Previous posts have noted that legislative deliberation suffers when lawmakers fail to read the bills. Matt Cover reports at CNS News:
The U.S. Senate voted 89-8 to approve legislation to avoid the fiscal cliff despite having only 3 minutes to read the 154-page bill and budget score.
Multiple Senate sources have confirmed to CNSNews.com that senators received the bill at approximately 1:36 AM on Jan. 1, 2013 – a mere three minutes before they voted to approve it at 1:39 AM.Then, Cover reports, the bill went to the House:
In all, the 154-page “fiscal cliff” bill was available for approximately 22 hours before the House voted on it Tuesday night. If a member of the public was awake when the bill first became available after the Senate vote, approximately 1:39 AM Tuesday, they would have to read an average of one page of dense legislative text every 8.6 minutes to finish reading the bill in the 22 hours between House and Senate passage.If lawmakers had actually read the measure, they would have found numerous provisions to benefit interest groups. At The Washington Examiner, Timothy Carney reports:
The "fiscal cliff" legislation passed this week included $76 billion in special-interest tax credits for the likes of General Electric, Hollywood and even Captain Morgan. But these subsidies weren't the fruit of eleventh-hour lobbying conducted on the cliff's edge -- they were crafted back in August in a Senate committee, and they sat dormant until the White House reportedly insisted on them this week.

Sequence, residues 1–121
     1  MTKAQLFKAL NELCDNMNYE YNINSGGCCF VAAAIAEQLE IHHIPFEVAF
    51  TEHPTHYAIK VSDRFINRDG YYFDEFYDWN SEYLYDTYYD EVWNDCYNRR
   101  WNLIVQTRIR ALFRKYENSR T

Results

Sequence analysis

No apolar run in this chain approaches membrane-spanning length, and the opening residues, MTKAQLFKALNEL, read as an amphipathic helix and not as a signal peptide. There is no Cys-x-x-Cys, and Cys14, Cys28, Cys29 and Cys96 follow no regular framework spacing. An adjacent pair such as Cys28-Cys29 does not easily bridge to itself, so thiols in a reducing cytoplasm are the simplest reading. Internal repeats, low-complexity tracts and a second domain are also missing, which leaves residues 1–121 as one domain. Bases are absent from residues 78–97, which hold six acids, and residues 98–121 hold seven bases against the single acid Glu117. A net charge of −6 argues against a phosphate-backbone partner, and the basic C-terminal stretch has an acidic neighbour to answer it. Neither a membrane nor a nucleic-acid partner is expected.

The Family and Business Tax Cut Certainty Act of 2012, which passed through the Senate Finance Committee in August, was copied and pasted into the fiscal cliff legislation, yielding a victory for biotech companies, wind-turbine-makers, biodiesel producers, film studios -- and their lobbyists. So, if you're wondering how algae subsidies became part of a must-pass package to avert the dreaded fiscal cliff, credit the Biotechnology Industry Organization's lobbying last summer.
A Republican Senate aide familiar with the cliff negotiations tells me the White House wanted permanent extensions of a whole slew of corporate tax credits. When Senate Republicans said no, "the White House insisted that the exact language" of the Baucus bill be included in the fiscal cliff deal. "They were absolutely insistent," another aide tells me. (The White House did not return requests for comment.)
"The legislators and the staff go underground when things get so intense," another Hill staffer-turned-lobbyist told me. "Nobody has time for a meeting. Nobody wants to talk about what's going on. ... The key is to plant the seed months in advance."